Indian Journal of Radiology Indian Journal of Radiology  

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Year : 2005  |  Volume : 15  |  Issue : 2  |  Page : 233-238
Changing pattern of bronchogenic carcinoma : A statistical variation or a reality?

Department of Radio diagnosis & Imaging, Kasturba Medical College and Hospital, Manipal-576104, Karnataka, India

Correspondence Address:
C M Shetty
Dept of Radio Diagnosis & Imaging, Kasturba Medical College & Hospital, Manipal 576 104, Karnataka
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Source of Support: None, Conflict of Interest: None

DOI: 10.4103/0971-3026.28812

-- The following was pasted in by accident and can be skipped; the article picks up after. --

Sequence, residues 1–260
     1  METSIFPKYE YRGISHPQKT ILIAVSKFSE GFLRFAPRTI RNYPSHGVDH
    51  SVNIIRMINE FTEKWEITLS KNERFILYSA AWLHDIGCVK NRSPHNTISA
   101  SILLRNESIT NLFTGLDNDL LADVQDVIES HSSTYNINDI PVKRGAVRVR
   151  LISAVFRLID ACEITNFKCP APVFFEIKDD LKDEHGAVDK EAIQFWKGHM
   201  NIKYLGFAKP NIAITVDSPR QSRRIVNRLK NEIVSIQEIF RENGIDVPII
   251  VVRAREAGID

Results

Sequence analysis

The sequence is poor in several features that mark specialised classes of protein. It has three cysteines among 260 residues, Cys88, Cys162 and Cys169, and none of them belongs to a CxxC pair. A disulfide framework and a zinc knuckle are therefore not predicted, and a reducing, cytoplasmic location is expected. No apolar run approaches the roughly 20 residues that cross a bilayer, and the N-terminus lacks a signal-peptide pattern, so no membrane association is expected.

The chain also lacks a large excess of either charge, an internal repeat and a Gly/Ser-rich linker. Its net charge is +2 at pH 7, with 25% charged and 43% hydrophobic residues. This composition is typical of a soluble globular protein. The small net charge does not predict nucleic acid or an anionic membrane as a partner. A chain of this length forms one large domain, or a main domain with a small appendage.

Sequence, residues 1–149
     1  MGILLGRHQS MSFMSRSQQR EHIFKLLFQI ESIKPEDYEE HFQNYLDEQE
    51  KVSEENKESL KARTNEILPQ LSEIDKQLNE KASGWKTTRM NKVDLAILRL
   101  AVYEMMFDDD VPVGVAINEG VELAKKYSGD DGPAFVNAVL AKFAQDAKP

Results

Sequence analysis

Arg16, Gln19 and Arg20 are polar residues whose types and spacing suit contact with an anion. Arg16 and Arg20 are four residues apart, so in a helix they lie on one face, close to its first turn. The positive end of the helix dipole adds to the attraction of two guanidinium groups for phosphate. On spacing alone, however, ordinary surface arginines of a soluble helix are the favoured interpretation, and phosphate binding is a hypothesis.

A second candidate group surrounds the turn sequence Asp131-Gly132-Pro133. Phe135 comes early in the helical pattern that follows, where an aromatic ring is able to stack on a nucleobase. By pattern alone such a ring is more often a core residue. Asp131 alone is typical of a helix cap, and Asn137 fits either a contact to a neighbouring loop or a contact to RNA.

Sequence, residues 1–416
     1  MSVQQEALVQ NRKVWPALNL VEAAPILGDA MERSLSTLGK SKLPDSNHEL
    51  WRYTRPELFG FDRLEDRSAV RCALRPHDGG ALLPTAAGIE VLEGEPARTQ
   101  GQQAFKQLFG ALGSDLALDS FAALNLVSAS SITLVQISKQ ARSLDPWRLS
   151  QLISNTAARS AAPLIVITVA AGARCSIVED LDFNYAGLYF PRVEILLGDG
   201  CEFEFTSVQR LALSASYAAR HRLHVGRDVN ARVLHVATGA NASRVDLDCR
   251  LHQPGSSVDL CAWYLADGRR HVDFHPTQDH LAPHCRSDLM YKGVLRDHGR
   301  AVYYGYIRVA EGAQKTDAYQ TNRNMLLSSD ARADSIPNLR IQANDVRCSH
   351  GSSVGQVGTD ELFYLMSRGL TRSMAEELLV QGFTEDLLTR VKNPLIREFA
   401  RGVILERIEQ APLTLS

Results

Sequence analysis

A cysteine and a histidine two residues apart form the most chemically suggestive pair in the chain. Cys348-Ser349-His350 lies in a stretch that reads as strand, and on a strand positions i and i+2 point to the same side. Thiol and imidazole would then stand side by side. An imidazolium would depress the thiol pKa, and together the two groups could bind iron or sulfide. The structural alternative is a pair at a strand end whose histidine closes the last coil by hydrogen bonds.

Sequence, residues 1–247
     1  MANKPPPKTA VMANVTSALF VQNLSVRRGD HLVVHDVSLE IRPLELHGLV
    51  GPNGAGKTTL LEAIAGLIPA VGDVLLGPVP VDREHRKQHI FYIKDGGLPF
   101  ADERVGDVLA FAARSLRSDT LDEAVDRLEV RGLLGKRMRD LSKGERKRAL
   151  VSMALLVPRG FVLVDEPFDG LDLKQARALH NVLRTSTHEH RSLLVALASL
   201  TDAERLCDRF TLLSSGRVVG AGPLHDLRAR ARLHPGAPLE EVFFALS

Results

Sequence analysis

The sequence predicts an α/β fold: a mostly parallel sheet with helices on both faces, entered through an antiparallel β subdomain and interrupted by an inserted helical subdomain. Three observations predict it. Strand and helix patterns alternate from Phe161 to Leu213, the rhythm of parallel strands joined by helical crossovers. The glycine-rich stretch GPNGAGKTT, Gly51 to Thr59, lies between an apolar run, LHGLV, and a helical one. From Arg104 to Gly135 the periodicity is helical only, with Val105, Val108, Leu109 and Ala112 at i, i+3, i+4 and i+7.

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OBJECTIVES: To document the various CT appearances of bronchogenic carcinoma with histopathologic correlation, to identify changing trend in the radiographic pattern of bronchogenic carcinoma, if any and to evaluate the role of CT in staging of bronchogenic carcinoma was also evaluated. MATERIALS AND METHODS A prospective study of 81 patients over a period of 2 yrs with clinical and or radiological suspicion of bronchogenic carcinoma and confirmed histopathogical diagnosis was undertaken with CT of the thorax using 10 mm collimation sections from the level of lung apices to the diaphragm and routinely included the adrenals. RESULTS : Squamous cell carcinoma is the most common histologic subtype followed by adenocarcinoma and small cell carcinoma. There was a definite male preponderance with smoking being the most common risk factor. Adenocarcinoma is presenting predominantly as central tumor( 70.5% ) Squamous cell carcinoma is presenting predominantly as peripheral tumor (52.7% ) . CONCLUSION Computed tomography is the modality of choice for evaluating bronchogenic carcinoma because of its better spatial resolution. CT provides precise characterization of the size, contour, extent and tissue composition of the suspicious lesion. If the lesion represents a bronchogenic carcinoma, CT serves as a part of the staging process to assess the extent of the disease. The radiologic presentation of adenocarcinoma and squamous cell carcinoma is showing a changing pattern. In our study, adenocarcinoma is presenting predominantly as a central tumor and Squamous cell carcinoma is presenting predominantly as a peripheral tumor. This relative increase in the percentage of centrally located adenocarcinoma is a statistical variation or a reality needs to be evaluated further.

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